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Maria Drive apartments get second look

A controversial apartment complex proposed on Maria Drive will get a second look from the Petaluma City Council on Monday. Developers are hopeful that several changes made to the plans will earn them a greenlight from the council to pursue the project.

The Maria Drive apartments were first proposed by San Francisco developer JDA West in August, on a 5.85-acre parcel of land that is currently zoned for mixed-use commercial development. Billed as a luxury complex, with the average 1,000-square-foot apartment expected to rent for $2,000 a month, plans included 144 apartments in six, three-story buildings, with a community building, pool and clubhouse centerally located on the site. In order to build the apartments, the developer first needs a general plan amendment from the city council to change the site's zoning to high-density residential.

But after vocal opposition from nearby homeowners in October, who worried that the density and design of the development would ruin the aesthetics of the neighborhood, the Petaluma City Council sent JDA West back to the drawing board when it asked for multiple changes to the project -#8212; including a reduction in the number of units from 144 to about 100.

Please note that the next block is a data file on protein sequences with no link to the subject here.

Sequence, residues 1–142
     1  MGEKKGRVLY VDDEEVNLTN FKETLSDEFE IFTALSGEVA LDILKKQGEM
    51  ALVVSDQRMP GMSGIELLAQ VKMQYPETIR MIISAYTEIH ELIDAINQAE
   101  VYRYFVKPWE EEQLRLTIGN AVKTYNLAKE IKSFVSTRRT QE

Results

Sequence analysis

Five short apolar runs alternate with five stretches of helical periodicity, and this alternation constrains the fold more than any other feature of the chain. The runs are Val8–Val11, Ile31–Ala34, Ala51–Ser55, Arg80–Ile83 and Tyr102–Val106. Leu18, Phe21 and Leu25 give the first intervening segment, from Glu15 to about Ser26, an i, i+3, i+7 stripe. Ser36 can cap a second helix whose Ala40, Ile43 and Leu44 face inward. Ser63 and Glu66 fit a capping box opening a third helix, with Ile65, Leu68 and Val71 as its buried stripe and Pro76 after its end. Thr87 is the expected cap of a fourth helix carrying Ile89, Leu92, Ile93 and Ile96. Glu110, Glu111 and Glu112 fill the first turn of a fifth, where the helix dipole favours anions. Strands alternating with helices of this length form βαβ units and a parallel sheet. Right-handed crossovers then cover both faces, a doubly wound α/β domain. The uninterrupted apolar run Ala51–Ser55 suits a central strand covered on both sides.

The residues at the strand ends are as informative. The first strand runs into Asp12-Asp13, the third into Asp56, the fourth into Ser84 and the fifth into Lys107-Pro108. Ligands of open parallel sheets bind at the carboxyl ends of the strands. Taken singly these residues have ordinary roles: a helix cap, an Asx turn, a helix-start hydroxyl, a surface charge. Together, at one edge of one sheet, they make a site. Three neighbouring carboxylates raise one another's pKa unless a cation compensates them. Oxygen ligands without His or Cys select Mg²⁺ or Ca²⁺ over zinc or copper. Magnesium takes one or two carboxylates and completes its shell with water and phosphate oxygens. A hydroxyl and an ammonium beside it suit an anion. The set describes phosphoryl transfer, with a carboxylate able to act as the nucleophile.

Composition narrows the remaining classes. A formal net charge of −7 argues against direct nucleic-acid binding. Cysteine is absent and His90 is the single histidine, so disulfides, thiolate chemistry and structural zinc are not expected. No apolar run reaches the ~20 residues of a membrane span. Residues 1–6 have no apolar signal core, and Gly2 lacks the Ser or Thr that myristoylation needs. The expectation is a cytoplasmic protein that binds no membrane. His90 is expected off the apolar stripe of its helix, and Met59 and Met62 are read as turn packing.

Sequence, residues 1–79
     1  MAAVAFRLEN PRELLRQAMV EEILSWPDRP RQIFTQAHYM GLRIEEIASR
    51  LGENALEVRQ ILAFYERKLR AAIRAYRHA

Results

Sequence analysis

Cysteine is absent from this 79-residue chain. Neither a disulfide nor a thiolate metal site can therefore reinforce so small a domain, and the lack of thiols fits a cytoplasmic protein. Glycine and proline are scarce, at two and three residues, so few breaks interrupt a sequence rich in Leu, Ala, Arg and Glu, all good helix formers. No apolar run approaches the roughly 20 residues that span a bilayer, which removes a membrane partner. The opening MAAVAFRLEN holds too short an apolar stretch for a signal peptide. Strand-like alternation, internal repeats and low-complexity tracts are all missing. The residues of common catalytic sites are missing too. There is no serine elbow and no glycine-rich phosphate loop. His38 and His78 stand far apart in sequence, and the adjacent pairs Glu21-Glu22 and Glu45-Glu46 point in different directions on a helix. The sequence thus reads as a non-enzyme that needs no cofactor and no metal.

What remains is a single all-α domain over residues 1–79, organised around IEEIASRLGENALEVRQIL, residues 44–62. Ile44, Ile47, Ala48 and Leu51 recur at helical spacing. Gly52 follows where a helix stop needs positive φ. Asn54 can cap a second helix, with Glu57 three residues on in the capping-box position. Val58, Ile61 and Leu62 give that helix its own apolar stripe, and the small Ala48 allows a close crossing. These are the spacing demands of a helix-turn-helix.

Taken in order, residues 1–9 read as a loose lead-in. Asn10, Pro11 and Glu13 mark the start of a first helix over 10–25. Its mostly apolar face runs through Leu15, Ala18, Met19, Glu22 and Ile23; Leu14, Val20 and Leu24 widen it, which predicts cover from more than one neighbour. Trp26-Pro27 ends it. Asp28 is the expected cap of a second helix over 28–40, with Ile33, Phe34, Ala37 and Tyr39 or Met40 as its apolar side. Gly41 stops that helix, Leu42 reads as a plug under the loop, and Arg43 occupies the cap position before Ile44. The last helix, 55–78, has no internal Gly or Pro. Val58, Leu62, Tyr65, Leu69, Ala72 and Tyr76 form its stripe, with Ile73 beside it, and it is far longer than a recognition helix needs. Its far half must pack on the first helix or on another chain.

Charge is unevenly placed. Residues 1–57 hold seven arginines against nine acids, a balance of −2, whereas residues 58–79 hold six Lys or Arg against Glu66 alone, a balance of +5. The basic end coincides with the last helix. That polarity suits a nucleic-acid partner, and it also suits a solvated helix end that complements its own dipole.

At the time, JDA West spokesperson Marty Brill said that reducing the number of apartments made the project unprofitable for the company. In the revised project, the number of units remained at 144, but Brill said the company has addressed concerns regarding the density and traffic mitigation, which originally inspired to council to seek a reduction in the project's size. The new plans reduce the building heights by about 10 feet to around 37 feet and limits the number of apartments that face neighboring homes to allay privacy concerns.

"Based on the feedback and input from neighbors, planning staff and the city council, we made several revisions to the proposed project," Brill said in a statement Tuesday. "We are excited about the changes, as they will directly benefit the community, while enhancing the overall project."

But homeowner Dan Ellecamp, who lives on nearby Creekside Drive, said that lowering the building heights by 10 feet doesn't make the buildings two stories or reduce the number of units, which were his main concerns with the property.

"We don't feel our little street Maria Drive can handle hundreds of extra trips a day from 144 new apartments," said Ellecamp.

He also pointed out that another nearby apartment complex, Addison Ranch -#8212; which was formerly known as Greenbriar Apartments -#8212; is seeking to add another 100 apartment units to its complex.

"It's just too much," said Ellecamp.

Currently, Petaluma's apartment vacancy rate is considered to be extremely low at 1.8 percent.


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